Nutritional Needs During Your Pregnancy

Growing a healthy baby starts with a healthy mom. After conception, moms-to-be need to set themselves a higher nutritional standard than before. It may be tough to eat healthy as morning sickness and tiredness are common symptoms of pregnancy. When nutritional goals aren’t reached from food, vitamins can be the guiding light. Keep reading to see how you can maintain good nutrition during your trimesters.

Vitamins to Take

Take prenatal vitamins with folic acid and iron. Folic acid protects against neuro and spinal deformities. Folic acid is a B vitamin, which makes new cells, so it makes sense why so many OB/GYNs and healthcare professionals recommend it for expectant mothers; new cells for that new human! Even if you’re not pregnant, it’s a good idea to take 0.4 mg of folic acid every day. Since folic acid promotes new cell growth, it also promotes hair, skin and nail growth. Folic acid can be found in vitamins across numerous pharmacies as well as in fortified foods, such as some bread, breakfast cereals and corn masa flour.

Iron is just as important as folic acid. During pregnancy, your blood volume increases, meaning you need to make more blood. Iron promotes blood generation, which helps send oxygen to the fetus. An iron deficiency, or anemia, can heighten the chance of a premature birth. Moms-to-be should get 27 mg of iron per day, which can be found in prenatal vitamins or dark-leafy vegetables, beans and raspberries.

Food Groups to Focus on

A well-balanced diet will coincide with a well-balanced baby. Expectant mothers should make sure they’re hitting all necessary food groups: fruits & vegetables, protein, dairy and grains. Pregnant women need 70 mg of calcium per day. Oranges, grapefruits, brussel sprouts and broccoli are all great sources of this vitamin and they can be found at pretty much any grocery store. Eating two to four servings of fruits and veggies per day should do the trick.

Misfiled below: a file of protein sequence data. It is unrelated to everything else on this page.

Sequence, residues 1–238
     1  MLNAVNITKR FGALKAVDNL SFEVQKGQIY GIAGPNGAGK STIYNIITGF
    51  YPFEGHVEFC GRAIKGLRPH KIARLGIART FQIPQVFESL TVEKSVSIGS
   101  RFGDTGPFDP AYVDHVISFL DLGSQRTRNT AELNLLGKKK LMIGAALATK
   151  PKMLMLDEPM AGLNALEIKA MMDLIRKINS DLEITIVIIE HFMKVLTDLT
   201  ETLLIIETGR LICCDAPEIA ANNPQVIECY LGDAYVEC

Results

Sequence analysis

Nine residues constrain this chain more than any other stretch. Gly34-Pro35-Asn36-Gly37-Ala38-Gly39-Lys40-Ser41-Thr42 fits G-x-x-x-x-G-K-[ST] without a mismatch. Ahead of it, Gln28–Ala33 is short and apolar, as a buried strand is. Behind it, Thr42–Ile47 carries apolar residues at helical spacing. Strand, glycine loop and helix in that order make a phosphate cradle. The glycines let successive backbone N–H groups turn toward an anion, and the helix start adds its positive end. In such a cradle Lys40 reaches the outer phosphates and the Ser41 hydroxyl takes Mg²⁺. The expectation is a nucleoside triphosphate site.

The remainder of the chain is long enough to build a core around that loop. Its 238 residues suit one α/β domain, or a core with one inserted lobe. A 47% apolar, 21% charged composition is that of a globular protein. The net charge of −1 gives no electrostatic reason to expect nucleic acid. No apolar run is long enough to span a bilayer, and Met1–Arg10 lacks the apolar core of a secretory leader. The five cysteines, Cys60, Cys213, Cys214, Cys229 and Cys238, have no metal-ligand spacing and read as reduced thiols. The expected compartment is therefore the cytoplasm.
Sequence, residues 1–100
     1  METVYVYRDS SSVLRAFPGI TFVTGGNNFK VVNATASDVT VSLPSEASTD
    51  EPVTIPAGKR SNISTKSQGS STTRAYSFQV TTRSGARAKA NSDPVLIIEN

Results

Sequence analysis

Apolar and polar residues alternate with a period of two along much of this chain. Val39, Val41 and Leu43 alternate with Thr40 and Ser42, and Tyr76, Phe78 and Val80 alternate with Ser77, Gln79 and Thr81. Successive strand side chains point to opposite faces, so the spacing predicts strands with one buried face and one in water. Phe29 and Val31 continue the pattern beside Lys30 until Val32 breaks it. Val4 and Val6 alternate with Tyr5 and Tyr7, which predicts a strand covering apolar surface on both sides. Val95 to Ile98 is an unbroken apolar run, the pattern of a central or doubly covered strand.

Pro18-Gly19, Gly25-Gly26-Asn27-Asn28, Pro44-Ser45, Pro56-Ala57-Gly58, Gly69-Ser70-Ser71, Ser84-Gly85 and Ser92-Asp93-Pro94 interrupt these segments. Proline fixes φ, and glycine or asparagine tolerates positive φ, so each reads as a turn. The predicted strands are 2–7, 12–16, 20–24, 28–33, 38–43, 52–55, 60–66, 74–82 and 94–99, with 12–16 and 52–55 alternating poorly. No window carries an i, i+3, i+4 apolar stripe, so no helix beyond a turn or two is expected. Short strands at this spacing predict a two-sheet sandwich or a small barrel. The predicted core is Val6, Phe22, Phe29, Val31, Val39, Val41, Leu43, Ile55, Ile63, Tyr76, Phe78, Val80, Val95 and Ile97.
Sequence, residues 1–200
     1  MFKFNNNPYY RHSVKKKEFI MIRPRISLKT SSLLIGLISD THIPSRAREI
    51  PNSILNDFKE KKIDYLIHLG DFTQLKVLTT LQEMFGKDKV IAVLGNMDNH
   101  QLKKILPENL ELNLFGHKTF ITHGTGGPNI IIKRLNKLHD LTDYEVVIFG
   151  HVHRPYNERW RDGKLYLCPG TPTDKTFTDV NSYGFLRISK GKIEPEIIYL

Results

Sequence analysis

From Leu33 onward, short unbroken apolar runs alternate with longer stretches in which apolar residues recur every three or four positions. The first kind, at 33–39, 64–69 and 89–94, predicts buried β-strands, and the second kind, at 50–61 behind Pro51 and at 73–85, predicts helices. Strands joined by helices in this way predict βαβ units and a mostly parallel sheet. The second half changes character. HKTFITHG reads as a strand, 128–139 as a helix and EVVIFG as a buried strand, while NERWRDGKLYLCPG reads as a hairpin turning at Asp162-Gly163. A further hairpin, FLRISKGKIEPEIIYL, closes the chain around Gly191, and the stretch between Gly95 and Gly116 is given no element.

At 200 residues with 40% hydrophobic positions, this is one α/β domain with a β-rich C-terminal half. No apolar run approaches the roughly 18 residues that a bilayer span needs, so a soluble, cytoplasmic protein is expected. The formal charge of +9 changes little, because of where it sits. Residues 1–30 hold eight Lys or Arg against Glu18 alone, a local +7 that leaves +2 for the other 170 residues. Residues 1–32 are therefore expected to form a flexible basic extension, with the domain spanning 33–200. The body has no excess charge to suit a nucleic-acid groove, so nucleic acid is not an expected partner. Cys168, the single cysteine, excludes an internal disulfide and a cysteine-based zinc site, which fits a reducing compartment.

Carbohydrates are necessary for the body to get energy for the day, although, keep in mind — everything in moderation. Breads and grains hold fiber, iron and Vitamin B, which are great at promoting growth and nutrition. Whole grains are the way to go, such as whole grain bread, quinoa and some cereals. Depending on your weight, moms should be eating six to eleven ounces of carbs per day.

Fetuses need plenty of protein, notably in the second and third trimesters. Protein carries iron and B vitamins that can be found in meat, poultry and eggs. It promotes organ and tissue growth for the fetus, and uterine tissue growth for mom. At least 70g to 100g of a lean protein source should be consumed each day; a good rule of thumb is to have a protein source at each meal.

We can’t forget about dairy. The calcium in dairy products helps the fetus grow strong and healthy bones and teeth. Pregnant women need 1,000 mg per day, ideally divided into two meals. Prenatal calcium vitamins are available at drugstores across the globe, but you can also get your intake from milk, yogurt (bonus points for the probiotics), cheese and dark leafy greens.

Importance of Hydration

Water is an essential part of everyday life whether you’re pregnant or not. However, it’s especially important when you’re with-child since it helps form amniotic fluid, which the fetus floats in during its stay in your uterus. It also flushes out toxins in your system, enhances digestion and helps build tissue as well as blood. If you’re carrying during the summer months, be sure to up your intake, but generally pregnant women should be drinking 64 to 96 ounces of water every day.

Staying healthy during pregnancy increases the likelihood of a smooth delivery and healthy newborn. Keeping a food diary and meal prepping is a great way to make sure you’re on the right track.

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